Sustainable Cities and Society, Volume 28, 1 January 2017,
Urban source separation infrastructure systems have a promising potential for a more sustainable management of household food waste and wastewaters. A renewed trend of larger implementations of pilot areas with such systems is currently emerging in Northern Europe. This study investigates the drivers behind the decision of stakeholders to implement source separation systems as well as the importance of the previously existing pilot areas in the decision-making process. By means of semi-structured expert interviews, five areas with source separation were characterized and compared. It was found that the most important drivers were on the one hand governmental, especially local environmental goals and on the other hand the ambition of the utilities to gain knowledge about future wastewater management and treatment technologies. Experiences from existing smaller pilot areas were shown crucial for decisions to implement the larger pilot areas that are currently planned, as was intensive stakeholder co-operation, due to the fact that source separation systems transcend traditional boundaries between energy, waste and water sectors. The results hold implications for policy makers and municipalities initiating a transition to more sustainable wastewater management.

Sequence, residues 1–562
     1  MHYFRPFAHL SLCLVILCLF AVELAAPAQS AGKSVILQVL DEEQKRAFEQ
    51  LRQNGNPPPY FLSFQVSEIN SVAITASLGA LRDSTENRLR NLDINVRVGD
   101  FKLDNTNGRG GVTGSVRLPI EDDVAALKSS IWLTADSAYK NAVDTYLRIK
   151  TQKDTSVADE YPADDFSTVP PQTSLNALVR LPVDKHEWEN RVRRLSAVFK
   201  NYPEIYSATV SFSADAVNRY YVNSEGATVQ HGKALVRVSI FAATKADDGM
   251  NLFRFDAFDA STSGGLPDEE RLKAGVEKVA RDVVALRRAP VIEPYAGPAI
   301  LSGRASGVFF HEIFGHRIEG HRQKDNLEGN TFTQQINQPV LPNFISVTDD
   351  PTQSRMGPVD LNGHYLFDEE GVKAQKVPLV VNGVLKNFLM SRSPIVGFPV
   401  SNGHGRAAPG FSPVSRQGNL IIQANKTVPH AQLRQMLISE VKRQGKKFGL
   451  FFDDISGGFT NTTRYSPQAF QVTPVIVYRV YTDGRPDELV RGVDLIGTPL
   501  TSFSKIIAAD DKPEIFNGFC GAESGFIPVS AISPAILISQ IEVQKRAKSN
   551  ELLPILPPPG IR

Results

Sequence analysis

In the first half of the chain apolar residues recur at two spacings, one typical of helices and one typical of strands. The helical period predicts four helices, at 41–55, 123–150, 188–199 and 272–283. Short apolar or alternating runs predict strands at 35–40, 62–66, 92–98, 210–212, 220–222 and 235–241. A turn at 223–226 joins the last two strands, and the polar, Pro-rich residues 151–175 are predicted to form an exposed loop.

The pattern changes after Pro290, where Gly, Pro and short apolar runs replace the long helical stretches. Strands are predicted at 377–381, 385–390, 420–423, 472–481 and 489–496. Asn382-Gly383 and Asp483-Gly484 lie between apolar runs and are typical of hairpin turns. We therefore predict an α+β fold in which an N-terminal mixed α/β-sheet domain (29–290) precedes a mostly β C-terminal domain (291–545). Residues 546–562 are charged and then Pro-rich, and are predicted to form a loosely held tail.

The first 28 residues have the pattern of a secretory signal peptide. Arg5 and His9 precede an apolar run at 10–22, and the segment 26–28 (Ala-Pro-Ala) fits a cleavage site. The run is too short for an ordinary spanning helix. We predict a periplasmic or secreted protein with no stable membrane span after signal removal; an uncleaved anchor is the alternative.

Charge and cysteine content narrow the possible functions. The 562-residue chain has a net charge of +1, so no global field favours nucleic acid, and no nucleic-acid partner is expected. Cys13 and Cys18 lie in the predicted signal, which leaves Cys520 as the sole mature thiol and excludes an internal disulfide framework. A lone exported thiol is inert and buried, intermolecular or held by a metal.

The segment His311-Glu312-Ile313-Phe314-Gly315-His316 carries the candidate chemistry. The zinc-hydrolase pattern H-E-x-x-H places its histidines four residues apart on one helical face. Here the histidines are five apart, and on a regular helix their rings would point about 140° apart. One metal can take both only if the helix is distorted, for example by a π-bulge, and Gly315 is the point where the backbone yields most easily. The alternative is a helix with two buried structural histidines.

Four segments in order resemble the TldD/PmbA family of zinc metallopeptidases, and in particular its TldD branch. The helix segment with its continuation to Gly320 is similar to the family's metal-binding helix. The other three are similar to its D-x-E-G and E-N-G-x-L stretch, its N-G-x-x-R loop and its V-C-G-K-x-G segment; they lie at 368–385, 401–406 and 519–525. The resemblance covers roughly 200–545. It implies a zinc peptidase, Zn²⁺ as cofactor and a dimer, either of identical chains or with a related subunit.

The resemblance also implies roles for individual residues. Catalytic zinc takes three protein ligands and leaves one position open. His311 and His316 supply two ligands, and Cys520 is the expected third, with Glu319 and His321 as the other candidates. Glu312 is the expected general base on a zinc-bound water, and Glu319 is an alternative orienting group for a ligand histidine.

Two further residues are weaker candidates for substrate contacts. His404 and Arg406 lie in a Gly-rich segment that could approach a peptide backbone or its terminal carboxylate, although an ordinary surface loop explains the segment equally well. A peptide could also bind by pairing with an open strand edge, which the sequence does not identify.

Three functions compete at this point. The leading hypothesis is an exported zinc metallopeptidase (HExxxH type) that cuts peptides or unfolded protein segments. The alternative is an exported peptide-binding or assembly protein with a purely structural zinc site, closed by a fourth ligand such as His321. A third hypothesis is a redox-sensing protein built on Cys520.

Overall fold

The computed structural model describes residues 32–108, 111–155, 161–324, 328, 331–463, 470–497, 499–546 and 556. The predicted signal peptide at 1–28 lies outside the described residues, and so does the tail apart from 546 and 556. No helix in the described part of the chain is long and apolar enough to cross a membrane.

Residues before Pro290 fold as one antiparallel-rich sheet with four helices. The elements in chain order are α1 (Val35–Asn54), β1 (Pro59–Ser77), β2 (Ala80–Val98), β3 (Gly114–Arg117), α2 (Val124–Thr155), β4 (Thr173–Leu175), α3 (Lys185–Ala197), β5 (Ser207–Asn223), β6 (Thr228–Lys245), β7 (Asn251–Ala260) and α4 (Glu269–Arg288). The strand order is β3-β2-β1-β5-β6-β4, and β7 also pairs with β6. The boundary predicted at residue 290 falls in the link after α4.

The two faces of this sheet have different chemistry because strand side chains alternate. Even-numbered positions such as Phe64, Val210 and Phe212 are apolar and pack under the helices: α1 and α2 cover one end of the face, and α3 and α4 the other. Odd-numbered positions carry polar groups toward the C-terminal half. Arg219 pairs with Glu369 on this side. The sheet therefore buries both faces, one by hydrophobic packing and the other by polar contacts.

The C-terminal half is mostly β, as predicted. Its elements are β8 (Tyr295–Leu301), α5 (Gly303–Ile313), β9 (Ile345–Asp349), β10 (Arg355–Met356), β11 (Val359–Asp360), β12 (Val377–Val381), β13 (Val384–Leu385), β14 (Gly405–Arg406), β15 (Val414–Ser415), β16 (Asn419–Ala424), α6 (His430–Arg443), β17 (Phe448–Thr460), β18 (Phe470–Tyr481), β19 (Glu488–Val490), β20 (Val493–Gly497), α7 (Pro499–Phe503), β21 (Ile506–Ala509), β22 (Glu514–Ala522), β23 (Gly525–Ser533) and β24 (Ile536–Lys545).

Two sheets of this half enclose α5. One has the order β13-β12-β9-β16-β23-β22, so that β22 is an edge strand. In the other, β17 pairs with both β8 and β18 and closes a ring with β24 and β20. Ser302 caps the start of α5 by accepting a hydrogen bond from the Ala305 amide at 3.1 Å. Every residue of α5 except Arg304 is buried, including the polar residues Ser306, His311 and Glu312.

Blackwater; Decision Making; Decision Making Process; Drivers; Environmental Technology; Food Waste; Infrastructure Systems; Separation; Sewage; Source Separation; Source-separation Systems; Sustainable Development; Sustainable Management; Traditional Boundaries; Truck Drivers; Waste Management; Wastewater Management; Wastewater Treatment; Europe